The OECD agrees that a low-carbon economy is the way forward. ‘We don’t know the technology that will provide a way out for us,’ says Doornbosch. ‘We need to increase taxation on carbon and encourage low carbon use. There may be room for developments in technology that we haven’t yet seen. But for now, we need to assume that the answer just isn’t there, so we need to reduce our consumption and increase energy efficiency.’
Setting the problem aside
Set-aside, whereby EU countries must leave up to ten per cent of their agricultural land unused, was originally designed as an economic tool for farmers. But this unused land has, over the past 20 years, developed into a vital haven for wildlife. Last autumn, the EU moved to fast-track proposals into law to effectively abolish set-aside. This is to release up to 2.9 million of the 3.8 million hectares now under obligatory set-aside for growing more biofuels, including rapeseed.
In the UK, woodlarks, skylarks, yellowhammers and tree sparrows use set-aside for winter food and nesting sites; 80 per cent of linnets spend the winter on set-aside in East Anglia, preferring it to winter cereals. In France, the little bustard now lives almost entirely on set-aside land.
Out of Africa
The inexorable rise in the price of fossil fuels is driving many African governments to search for alternatives and, inevitably, attention is turning to biofuels. At a pan-African ministerial meeting held in March last year in Maputo, Uganda, ministers responsible for energy development in their countries announced a declaration committing to increased research in the development of renewable energy – notably biofuels. And last October, Brazilian president Luiz Inácio Lula da Silva toured the continent to promote bioethanol and biodiesel production.
At present, Africa only produces a fraction of the world’s biofuels, but according to industry analysts, the continent has great potential for production thanks to its vast areas of arable land and large workforce.
Several African countries already have biofuel research and production projects underway. In Malawi, for example, gasoline is being blended with ten per cent locally made sugar cane ethanol. A similar system is in place in Nigeria, although in this case, the ethanol is derived from cassava – Nigeria is the world’s largest producer of the starchy tuber. The Nigerian government has plans to turn cassava ethanol production into an industry worth more than US$150million a year and Brazil is providing assistance with the construction of 15 bioethanol plants. And in May, the government announced plans to establish a US$100 million ‘biofuel town’ near Lagos. The 600-hectare settlement will house 1,000 bioenergy experts, who will work on novel technologies to improve bioenergy production.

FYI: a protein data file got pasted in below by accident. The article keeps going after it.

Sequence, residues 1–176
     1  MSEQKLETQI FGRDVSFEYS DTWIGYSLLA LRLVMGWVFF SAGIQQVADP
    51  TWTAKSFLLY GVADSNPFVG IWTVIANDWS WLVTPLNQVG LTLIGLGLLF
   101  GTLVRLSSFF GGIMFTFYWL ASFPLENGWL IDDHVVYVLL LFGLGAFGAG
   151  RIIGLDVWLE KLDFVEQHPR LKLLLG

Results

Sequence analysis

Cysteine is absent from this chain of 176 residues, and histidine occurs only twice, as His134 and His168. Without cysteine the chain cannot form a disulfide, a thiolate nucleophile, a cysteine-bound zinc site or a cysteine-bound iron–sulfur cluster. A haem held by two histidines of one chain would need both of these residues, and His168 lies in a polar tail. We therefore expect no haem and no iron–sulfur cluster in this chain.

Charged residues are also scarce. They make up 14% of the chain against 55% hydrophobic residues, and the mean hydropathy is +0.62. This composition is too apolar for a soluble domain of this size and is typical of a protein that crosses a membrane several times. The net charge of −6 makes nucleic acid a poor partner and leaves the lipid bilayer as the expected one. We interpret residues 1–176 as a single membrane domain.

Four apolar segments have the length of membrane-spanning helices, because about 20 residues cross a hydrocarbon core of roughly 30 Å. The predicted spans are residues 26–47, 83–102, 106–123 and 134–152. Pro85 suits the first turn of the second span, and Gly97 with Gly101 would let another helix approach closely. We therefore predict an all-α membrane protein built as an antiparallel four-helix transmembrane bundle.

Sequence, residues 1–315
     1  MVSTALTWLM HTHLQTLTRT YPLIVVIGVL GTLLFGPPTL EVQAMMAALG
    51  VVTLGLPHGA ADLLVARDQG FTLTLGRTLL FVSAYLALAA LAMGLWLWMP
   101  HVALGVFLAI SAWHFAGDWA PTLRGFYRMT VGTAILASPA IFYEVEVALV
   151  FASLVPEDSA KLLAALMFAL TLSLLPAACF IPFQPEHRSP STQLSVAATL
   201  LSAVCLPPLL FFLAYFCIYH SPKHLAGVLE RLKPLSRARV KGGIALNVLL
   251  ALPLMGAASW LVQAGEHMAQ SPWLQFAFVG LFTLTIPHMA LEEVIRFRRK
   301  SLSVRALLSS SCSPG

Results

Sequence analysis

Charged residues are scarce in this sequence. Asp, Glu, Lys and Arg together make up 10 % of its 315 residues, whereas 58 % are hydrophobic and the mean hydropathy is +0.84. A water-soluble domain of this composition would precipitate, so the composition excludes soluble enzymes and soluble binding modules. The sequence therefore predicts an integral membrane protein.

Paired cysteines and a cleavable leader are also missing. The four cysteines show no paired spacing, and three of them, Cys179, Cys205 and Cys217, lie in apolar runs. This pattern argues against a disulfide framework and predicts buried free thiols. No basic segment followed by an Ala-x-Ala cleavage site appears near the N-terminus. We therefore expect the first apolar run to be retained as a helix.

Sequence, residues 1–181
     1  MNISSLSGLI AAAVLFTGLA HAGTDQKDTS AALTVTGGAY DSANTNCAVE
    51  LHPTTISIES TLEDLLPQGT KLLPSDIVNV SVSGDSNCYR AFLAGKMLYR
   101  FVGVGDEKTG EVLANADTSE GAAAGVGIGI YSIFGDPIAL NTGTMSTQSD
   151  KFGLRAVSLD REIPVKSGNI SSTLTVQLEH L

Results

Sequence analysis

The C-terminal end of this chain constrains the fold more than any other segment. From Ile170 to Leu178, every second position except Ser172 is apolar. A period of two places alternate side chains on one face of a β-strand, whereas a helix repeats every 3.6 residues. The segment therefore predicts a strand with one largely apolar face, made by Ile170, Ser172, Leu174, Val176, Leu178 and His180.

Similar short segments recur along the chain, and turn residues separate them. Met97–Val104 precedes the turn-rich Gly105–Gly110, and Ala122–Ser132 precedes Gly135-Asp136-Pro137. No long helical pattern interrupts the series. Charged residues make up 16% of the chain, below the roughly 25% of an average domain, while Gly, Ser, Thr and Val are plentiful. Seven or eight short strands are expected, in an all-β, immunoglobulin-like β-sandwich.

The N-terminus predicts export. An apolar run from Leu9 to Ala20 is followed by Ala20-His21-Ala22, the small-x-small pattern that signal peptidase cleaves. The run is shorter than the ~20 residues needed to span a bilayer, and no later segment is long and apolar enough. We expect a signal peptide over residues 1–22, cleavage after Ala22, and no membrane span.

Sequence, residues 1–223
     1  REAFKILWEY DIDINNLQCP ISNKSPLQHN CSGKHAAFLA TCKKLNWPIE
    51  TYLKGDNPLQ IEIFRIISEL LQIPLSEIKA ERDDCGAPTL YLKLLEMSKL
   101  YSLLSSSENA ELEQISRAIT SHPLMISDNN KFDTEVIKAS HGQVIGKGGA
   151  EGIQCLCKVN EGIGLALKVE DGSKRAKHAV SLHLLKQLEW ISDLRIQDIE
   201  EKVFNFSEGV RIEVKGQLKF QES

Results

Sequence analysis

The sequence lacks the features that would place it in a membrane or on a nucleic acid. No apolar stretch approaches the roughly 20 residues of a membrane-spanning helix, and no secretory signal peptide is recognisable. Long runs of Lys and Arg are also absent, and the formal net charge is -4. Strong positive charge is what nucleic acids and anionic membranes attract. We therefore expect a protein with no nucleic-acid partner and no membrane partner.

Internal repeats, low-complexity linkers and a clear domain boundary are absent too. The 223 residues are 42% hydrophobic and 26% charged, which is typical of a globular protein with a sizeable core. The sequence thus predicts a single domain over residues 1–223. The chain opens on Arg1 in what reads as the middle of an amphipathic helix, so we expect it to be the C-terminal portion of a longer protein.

Meanwhile, Mozambique is being talked about as a potential ‘biofuel superpower’. The country has already developed an effective biofuel sector based on sorghum and sugar cane, and the government recently set aside more than US$700million for research, production and promotion. While the primary aim is to achieve energy independence, Mozambique has such a small economy that domestic energy needs could be quickly met, raising the prospect of turning biofuels into an export commodity.
Turning to termites
With the debate over the use of food crops for bioethanol production hotting up, one alternative feedstock being discussed is wood. In New Zealand, for example, there have been suggestions that bioethanol produced using plantation pine could make the country self-sufficient in sustainable fuel, heat and power by 2050.
However, there’s one major problem – it’s considerably more difficult to turn tough, woody material into a viable fuel. But, as many a homeowner has discovered, there’s one creature that’s extremely good at turning wood into fuel: the humble termite.
Like cows, termites have a series of ‘stomachs’, each of which contains a distinct bacterial community that plays a specific role in the conversion of wood into sugar. The termites use these sugars for food, but they could also be fermented to create ethanol.
With this aim in mind, scientists at the US Department of Energy’s Joint Genome Institute in Walnut Creek have mapped the DNA of the bacteria that live inside the guts of a species of termite found in Costa Rica. In one ‘stomach’ alone, they discovered more than 500 genes related to the deconstruction of cellulose and hemicellulose, which, along with lignin, are the basic building blocks of wood. They hope to synthesise the enzymes that these genes code for in order to use them in engineering schemes that can convert wood into biofuels.